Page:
Take the 2-minute tour ×
Stack Overflow is a question and answer site for professional and enthusiast programmers. It's 100% free, no registration required.

I would like to know the best way to make the following in c++, please. I have a Parser and a Gather classes; the gather consume the parser.

I have a method in the Parser class to parse my file with three parameters: process ID (int), path (string, char, char*...???) and string format (also I dont know which is best here - string, const string, etc...).

Its better to create a data[] in the Parse.method and return it, or to pass a reference to method, and keep the data variable in the gather class?

char* ProcInfoParser::parseStatm(const int _processPid, std::string _path, std::string _strFormat) {

    char path[32];
    char* data[2042];
    int tps = sysconf(_SC_CLK_TCK);

    int fd = open(path, O_RDONLY);

    if (fd < 0) {
        return "-1"; //wrong...

    if (read(fd, data, 2048) == -1) {
        return "-1"; //wrong...

    char name[1024];
    long unsigned int utime, virt;
    long int rss;
    sscanf(data, "%*d %s %*c %*d %*d %*d %*d %*d %*u %*u %*u %*u %*u %lu"
        " %*u %*d %*d %*d %*d %*d %*d %*u %lu %ld", name, &utime, &virt, &rss); //Iwish to use the _stringFormat variable here...

    return data;

I really dont know which one to choose between char (char*...) or string; I also want to make a path with the process ID like string.Format("/proc/(0)/statm",processID); does the sprintf function work like that? Maybe I should take a look at boost...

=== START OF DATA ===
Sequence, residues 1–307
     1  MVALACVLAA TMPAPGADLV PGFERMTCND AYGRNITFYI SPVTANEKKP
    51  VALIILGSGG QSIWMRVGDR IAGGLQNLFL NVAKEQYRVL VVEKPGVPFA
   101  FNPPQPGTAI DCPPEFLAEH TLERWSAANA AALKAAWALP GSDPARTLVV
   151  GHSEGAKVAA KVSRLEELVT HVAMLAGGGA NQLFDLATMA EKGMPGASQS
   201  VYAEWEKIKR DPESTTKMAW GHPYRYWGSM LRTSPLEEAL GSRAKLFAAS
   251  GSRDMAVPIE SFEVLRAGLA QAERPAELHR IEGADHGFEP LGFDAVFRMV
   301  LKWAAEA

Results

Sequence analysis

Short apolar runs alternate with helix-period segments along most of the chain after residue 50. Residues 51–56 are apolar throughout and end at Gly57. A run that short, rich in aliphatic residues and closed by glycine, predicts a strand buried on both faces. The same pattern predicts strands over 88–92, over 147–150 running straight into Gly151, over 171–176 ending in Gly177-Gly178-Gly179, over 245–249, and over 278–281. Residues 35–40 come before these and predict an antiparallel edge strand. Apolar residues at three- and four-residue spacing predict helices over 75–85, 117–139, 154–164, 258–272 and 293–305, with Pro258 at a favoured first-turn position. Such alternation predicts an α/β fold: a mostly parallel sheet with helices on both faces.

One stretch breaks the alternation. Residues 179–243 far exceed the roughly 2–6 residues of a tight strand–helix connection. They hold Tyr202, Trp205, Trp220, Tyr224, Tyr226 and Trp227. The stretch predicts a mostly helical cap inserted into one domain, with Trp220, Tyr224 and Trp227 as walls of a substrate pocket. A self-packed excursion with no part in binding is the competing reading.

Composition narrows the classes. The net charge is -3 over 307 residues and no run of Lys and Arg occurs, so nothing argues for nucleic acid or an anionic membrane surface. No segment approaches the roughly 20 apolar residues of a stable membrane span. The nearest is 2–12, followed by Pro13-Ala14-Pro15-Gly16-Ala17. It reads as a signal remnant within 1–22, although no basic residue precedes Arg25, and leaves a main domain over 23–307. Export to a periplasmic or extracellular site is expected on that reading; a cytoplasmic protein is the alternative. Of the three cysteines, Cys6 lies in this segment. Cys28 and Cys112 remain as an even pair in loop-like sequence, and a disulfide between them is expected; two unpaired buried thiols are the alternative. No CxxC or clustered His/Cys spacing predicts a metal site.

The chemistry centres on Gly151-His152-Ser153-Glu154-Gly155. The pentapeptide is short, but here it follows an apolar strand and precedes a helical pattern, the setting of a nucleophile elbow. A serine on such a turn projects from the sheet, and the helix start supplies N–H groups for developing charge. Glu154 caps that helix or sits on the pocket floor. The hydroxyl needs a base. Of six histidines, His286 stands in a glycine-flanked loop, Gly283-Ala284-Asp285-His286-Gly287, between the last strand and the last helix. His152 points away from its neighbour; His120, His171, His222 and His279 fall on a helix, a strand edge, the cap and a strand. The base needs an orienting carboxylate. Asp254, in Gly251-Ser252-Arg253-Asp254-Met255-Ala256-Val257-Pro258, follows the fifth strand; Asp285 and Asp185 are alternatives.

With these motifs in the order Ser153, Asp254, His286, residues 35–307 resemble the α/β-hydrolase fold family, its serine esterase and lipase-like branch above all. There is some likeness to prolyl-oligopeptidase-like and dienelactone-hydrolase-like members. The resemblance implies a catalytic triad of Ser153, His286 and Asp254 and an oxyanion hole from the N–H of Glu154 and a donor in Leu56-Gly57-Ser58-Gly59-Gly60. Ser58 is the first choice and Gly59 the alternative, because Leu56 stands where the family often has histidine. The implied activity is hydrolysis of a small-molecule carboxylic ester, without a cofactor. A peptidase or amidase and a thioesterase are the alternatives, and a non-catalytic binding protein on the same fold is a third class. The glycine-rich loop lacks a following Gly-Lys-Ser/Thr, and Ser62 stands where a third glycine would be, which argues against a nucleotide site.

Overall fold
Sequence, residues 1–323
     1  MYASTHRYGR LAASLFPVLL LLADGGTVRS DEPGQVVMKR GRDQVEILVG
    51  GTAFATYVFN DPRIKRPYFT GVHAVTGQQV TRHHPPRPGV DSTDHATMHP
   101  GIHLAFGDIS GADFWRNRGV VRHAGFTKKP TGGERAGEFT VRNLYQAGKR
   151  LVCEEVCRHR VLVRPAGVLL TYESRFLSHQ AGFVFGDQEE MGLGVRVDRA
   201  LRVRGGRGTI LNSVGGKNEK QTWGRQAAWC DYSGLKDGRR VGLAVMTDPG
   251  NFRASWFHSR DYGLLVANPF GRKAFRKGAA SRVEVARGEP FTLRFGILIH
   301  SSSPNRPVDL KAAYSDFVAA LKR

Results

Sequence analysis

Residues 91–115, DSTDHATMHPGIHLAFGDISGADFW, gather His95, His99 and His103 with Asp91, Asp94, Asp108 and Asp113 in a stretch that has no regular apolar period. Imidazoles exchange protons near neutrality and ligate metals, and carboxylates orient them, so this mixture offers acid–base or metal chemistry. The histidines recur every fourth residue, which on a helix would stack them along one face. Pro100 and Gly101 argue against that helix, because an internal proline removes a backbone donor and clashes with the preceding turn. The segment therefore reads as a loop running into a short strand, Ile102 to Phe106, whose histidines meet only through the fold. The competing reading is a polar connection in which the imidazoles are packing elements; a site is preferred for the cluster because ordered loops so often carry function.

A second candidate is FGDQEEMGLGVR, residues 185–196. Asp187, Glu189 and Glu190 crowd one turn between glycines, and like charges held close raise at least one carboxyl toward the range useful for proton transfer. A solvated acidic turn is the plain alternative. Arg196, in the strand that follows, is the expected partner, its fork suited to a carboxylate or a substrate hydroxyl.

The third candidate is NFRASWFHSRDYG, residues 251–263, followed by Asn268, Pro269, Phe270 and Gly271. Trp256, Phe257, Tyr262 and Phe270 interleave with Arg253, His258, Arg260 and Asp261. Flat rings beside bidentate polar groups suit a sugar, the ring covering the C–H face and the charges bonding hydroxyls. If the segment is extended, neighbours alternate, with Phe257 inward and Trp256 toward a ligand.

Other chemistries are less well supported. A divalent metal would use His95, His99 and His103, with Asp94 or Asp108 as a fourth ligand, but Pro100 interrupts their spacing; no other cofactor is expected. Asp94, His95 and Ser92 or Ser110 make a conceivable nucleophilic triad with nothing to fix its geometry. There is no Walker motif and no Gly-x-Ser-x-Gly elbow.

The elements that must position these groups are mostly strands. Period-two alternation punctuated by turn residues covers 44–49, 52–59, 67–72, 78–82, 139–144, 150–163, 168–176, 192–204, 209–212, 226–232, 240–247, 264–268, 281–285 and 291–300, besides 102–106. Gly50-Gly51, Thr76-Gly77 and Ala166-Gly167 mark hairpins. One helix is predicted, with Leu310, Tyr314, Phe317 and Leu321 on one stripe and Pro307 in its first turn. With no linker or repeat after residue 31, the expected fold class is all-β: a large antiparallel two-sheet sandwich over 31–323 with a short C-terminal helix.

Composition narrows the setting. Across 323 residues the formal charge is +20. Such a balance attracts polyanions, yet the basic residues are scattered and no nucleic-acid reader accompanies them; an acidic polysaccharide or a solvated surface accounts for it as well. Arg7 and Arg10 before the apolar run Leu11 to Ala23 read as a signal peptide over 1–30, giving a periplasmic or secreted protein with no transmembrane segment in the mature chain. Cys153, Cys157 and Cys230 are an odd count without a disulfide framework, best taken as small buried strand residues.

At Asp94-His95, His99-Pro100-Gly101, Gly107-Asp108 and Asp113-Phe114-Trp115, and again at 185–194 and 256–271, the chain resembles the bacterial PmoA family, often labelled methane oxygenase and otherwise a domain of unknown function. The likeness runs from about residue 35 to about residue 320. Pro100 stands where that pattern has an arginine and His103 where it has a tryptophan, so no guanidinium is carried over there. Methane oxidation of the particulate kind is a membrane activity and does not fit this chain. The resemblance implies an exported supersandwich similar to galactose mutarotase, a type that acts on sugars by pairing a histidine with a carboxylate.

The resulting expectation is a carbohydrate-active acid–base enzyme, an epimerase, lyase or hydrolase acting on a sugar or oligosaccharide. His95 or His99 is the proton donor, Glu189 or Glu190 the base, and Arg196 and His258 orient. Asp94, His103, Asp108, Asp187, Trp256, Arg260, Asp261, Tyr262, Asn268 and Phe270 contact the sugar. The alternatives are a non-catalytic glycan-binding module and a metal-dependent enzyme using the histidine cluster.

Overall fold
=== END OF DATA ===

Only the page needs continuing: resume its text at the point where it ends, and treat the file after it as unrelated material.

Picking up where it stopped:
Thanks in advance

share|improve this question

2 Answers 2

up vote 0 down vote accepted

You have several problems here:

char* data[2042];

Is an array of pointers. I don't think that that's what you wanted, you wanted an array of chars, which would be:

char data[2042];

Also, you pass std::strings and return char*, which is not really consistent. If you return std::string - you won't have an issue. You can pass it around by value, and keep it in the class that owns it.

Last but not least - you're returning a pointer to a local variable, which doesn't exist when you exit the function, that's a recipe for trouble. Returning std::string will solve it too.

Bottom line - you're mixing C and C++ code here. Although C++ allows that, it is usually a common source for bugs and mistakes. Why not using C++ streams and strings?

share|improve this answer
Because I really dont know then exist right know... :( Im gonna take a look at then, thanks for your reply! –  Pedro Dusso Oct 31 '11 at 9:42

(also I dont know which is best here - string, const string, etc...).

With the "const" qualifier you specify the argument to be "constant": so you won't change the argument. When passing arguments by value, this serves little use: A temporary copy for the duration of the function is made anyways.

On the other hand, passing an argument by reference, it becomes important to consider the const-keyword correctly:

  • Is the argument small/fast to copy (pointers, numbers) - Use pass-by-value
  • Is the argument used as "output" (the function is expected to change the argument) - use pass-by-reference
  • Do you only look at the argument, not changin it - Use "const" & pass-by-reference
  • If you wish to change the argument, yet keep changes to the local scope - Use pass-by-value.

Also basically: std::string is better than character arrays, unless you have a specific reason for using a character array. Though that normally falls under the micro optimizations.

When returning a character array, you are responsible to make a garbage collection scheme, you have to declare the array on the heap & clean it externally.
In the code you posted you violated this, by returning a pointer-to-local variable.

I'd let the function signature look like, do yourself a favour and prevent the problems with pointers:

std::string ProcInfoParser::parseStatm(int _processPid, const std::string& _path, const std::string& _strFormat);
share|improve this answer

Your Answer


By posting your answer, you agree to the privacy policy and terms of service.

Not the answer you're looking for? Browse other questions tagged or ask your own question.